Top tips for using and maintaining traditional interior paint and finishes

Homeowners, Maintenance | Written by: | Friday 17 November 2023

Planning a do-it-yourself (DIY) project and thinking about using traditional paint and finishes? Or have you found an original paint scheme during your project? We share some top tips on what to do when using or maintaining traditional paint and finishes, with some fine examples from across Scotland.

A hallway and stairs in an old period house. The walls and doors are painted white and the floor is lightly varnished brown. The stairs go straight up to a landing with a picture window. A large black light fitting hangs from the ceiling.

The stair and hall in Blackburn House, West Lothian, restored in 2008. © Simpson and Brown Architects. Licensor SCRAN.

Which traditional paint should you use?

Traditional finishes fall under four categories:

  • Limewashes – Although mainly associated with external work, limewashes have been used as interior coatings for centuries. Highly permeable, limewash can be painted directly onto lime plaster or masonry. Limewash reflects light well; with the cured carbonate containing tiny refractive crystals which send light out in different directions. It’s also highly breathable! Unless highly filtered and strained, limewash provides an uneven, textured finish that can be appropriate for pre-18th century structures (although this makes it unsuitable for classical or formal rooms). Distemper was used in place of limewash in the 19th century.
  • Soft distempers – From the mid-18th century onwards, distemper was the primary finish used on the plaster walls and ceilings of everyday interiors. Need a bold colour? Soft distempers might not be the best option. Find out more with our Inform Guide to Interior Paint Finishes.
  • Oil-based paints – Traditional oil-based paints are very flexible, resist cracking and give a greater depth of colour and texture than modern paints. They’re used primarily on joinery and ironwork due to the bold colours and range of finishes available.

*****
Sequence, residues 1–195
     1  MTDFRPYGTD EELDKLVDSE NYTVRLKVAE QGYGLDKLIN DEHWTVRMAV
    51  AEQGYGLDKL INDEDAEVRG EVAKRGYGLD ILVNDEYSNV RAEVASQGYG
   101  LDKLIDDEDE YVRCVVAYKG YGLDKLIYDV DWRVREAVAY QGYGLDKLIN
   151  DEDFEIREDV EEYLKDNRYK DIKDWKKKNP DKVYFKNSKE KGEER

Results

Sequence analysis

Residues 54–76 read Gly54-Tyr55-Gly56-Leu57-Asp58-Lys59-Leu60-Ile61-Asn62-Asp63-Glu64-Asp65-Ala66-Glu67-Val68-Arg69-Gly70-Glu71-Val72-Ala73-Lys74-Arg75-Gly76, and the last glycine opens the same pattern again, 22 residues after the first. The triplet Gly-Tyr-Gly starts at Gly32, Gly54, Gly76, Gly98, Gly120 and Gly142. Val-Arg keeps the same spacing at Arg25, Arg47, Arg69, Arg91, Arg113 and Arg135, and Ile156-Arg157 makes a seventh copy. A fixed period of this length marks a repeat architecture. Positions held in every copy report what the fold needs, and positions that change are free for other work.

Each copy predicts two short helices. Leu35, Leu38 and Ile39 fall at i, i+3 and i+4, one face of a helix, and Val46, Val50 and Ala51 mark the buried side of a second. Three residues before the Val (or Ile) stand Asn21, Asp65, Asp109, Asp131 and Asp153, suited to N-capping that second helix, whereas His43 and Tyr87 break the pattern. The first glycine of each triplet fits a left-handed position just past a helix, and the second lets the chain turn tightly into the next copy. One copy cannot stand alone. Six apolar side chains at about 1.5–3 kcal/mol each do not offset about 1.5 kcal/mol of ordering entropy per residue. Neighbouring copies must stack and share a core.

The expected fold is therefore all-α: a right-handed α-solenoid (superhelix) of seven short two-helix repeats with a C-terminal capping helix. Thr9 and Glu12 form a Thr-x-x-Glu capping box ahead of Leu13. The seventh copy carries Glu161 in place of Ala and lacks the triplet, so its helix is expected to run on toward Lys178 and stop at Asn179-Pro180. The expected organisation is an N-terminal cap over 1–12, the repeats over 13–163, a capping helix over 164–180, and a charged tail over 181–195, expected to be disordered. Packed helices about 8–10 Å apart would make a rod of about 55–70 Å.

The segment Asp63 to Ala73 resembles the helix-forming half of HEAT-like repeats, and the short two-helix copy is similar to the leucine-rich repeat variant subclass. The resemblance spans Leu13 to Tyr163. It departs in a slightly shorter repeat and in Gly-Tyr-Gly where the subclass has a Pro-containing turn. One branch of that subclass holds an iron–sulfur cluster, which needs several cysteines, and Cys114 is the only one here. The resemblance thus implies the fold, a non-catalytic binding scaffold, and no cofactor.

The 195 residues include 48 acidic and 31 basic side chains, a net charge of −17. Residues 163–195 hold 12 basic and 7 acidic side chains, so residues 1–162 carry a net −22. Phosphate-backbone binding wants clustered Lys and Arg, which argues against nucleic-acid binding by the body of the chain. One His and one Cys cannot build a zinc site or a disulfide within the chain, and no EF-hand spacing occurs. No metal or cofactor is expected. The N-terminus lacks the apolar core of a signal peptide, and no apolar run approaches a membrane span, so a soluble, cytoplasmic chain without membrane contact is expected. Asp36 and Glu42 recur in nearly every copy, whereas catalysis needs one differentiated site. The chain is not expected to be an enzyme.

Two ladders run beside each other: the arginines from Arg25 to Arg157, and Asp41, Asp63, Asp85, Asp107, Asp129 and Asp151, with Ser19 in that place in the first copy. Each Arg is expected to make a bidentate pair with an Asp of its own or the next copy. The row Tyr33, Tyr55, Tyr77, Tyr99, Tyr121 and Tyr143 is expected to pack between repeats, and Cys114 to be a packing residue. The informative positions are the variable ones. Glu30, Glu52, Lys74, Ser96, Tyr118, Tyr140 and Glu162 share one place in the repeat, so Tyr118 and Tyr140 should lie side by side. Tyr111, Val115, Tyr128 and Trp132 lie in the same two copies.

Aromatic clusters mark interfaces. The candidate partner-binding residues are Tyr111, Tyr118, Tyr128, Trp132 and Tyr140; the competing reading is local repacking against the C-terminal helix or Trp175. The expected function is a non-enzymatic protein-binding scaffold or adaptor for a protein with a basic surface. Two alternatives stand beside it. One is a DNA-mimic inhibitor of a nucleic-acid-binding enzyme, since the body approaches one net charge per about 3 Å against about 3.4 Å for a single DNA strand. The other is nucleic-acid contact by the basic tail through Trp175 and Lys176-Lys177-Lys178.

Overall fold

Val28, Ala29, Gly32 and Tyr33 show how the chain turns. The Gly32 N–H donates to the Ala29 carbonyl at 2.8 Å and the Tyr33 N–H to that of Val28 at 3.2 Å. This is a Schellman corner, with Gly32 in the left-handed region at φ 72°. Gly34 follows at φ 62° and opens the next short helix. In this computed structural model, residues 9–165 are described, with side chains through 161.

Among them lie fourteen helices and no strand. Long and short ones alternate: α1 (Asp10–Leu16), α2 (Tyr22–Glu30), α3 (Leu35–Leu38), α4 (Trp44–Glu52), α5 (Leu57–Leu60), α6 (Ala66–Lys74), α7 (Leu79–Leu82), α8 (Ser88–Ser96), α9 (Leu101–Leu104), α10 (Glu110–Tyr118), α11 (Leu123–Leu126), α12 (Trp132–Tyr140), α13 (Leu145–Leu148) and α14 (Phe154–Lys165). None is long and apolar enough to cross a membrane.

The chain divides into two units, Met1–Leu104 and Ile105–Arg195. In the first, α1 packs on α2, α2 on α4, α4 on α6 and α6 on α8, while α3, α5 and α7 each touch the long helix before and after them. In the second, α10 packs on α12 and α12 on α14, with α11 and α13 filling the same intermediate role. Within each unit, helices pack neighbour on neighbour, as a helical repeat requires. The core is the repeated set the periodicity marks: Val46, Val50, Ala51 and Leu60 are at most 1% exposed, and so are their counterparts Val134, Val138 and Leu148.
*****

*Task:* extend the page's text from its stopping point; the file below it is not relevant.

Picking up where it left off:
• Varnishes and stains – In the 18th century, most internal wooden surfaces were painted or given a wood grain effect. By the 1850s, a dark stain and varnish were often applied to elements of finishing joinery. This consisted of a linseed or walnut oil-based stain (normally incorporating the natural pigments of yellow ochre and burnt umber), and a clear varnish layer as a top seal. Boiled linseed oil, Danish oil and tung oil are the most natural modern alternatives.
A person standing on a step ladder looks at an old fresco on a wall that has been uncovered by renovation work.

Conservators discover Alexander ‘Greek’ Thomson’s original decorations surviving intact under layers of paint at Holmwood House, Glasgow, National Trust for Scotland. © National Trust for Scotland. Licensor SCRAN.

What to do with older surfaces

If an underlying paint layer is sound, this can be overcoated, with any flaking paint scraped off or lightly sanded to prepare for a new layer. This has the benefit of protecting early decorative schemes, but also prevents any issues with old lead paint removal and potential damage to any timber.

When removing old lead paint, lead vapour or dust could be released. This work needs to be done with caution as lead is toxic. To be sure, most DIY stores stock small test kits to allow you to do your own tests for lead content. If in doubt, consider hiring a professional painter who is experienced in dealing with lead paint. If you’re rubbing down layers to sound and think they may contain lead paint, use a wet sugar soap, rather than sandpaper or other dry abrasive. This will avoid lead dust being created. Use our links below to find out more on identifying lead paint.

All modern paints, even traditional paints and finishes are now lead-free, in compliance with EU legislation. To help you identify lead paint, here’s the Department of Environment, Food and Rural Affairs’ (DEFRA) leaflet: Look out for lead paint in your home [PDF, 174KB].

An intricate oak ceiling in a historical building, the ceiling is dark oak wood shaped in stars and squares, and the walls are patterned grey stone.